“When the power of love overcomes the love of power the world will know peace.”
Since time immemorial, music has been the most effective means of propaganda. During wars, revolutions and mass upheavals, music representated social changes, the radical change in views, outlooks and people’s perceptions and is the most poignant form of putting forward a radical viewpoint. Singers to the likes of Jimi Hendrix, John Lennon and Janice Joplin used music to give vent to the rage existent amongst nations, cults and religions.
Music, in those times preached rebellion against the outlook of the leaders, who were tearing mankind apart, limb from limb, when in their vie for power, they ruthlessly sidestepped the power of peace. It stirred the souls of a million, seeped into their minds, permeated all social boundaries and united them, rendering them impregnable to the fatal blows of war.
It was during World War I, that such singers, poets and revolutionaries emerged all across the globe using this weapon, unlike any used till date, a weapon used to unify the thoughts, goals, opinions and beliefs, a weapon to meliorate the dampened spirits of the people of the world. The effects of music during war are quite vivid in our history, as can be seen by this quote made prior to the WWI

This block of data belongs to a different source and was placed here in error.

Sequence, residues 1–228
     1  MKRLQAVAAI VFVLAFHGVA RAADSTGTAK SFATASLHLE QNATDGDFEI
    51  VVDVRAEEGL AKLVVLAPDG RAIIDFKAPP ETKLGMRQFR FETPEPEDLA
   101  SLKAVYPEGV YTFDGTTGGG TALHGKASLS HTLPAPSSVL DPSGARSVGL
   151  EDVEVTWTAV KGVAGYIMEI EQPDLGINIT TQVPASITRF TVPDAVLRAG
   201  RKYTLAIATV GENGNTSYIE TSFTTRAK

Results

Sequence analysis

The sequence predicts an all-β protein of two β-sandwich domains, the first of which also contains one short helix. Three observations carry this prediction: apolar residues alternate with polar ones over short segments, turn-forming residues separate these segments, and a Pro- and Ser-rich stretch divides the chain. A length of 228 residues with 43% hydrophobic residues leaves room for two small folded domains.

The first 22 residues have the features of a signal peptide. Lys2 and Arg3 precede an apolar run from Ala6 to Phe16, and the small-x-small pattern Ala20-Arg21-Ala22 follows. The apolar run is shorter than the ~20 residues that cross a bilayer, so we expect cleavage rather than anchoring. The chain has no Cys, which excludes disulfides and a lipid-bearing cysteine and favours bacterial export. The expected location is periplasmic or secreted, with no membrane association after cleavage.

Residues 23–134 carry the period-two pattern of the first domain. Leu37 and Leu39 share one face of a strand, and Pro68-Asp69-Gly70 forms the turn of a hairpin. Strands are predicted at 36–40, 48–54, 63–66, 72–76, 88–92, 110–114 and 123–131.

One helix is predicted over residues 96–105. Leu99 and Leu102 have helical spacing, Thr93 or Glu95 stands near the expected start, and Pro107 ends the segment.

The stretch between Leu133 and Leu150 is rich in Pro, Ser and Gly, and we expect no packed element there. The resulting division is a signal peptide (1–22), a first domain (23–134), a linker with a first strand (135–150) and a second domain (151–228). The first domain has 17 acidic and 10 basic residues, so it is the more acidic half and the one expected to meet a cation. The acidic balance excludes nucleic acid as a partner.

“Love of country, together with a pride in its institutions, smolders in the breast of all mankind. This latent spark when fanned into a blaze of fervor finds vent in … song, which in turn inspires to action. Such is the birth of patriotic music. No country, as history proves, can afford to ignore the patriotic force capable of being brought into play through the power of music, either in song or in instrumental form, both of which performed their part in inciting to action.”
Musicians including John Lennon, the most outspoken member of The Beatels, vehemently opposed the Vietnam War. His music was used as an international anthem for anti war protests. Even today, when listening to those songs of the yesteryears, we can well imagine how people from various continents, sects and cultures communicated through music. It was and still remains truly universal and goes on to stir the souls of our worlds billion.
“Imagine there’s no countries
It isn’t hard to do
Nothing to kill or die for
And no religion too
Imagine all the people
Living life in peace…”
Amanjit Singh Khanna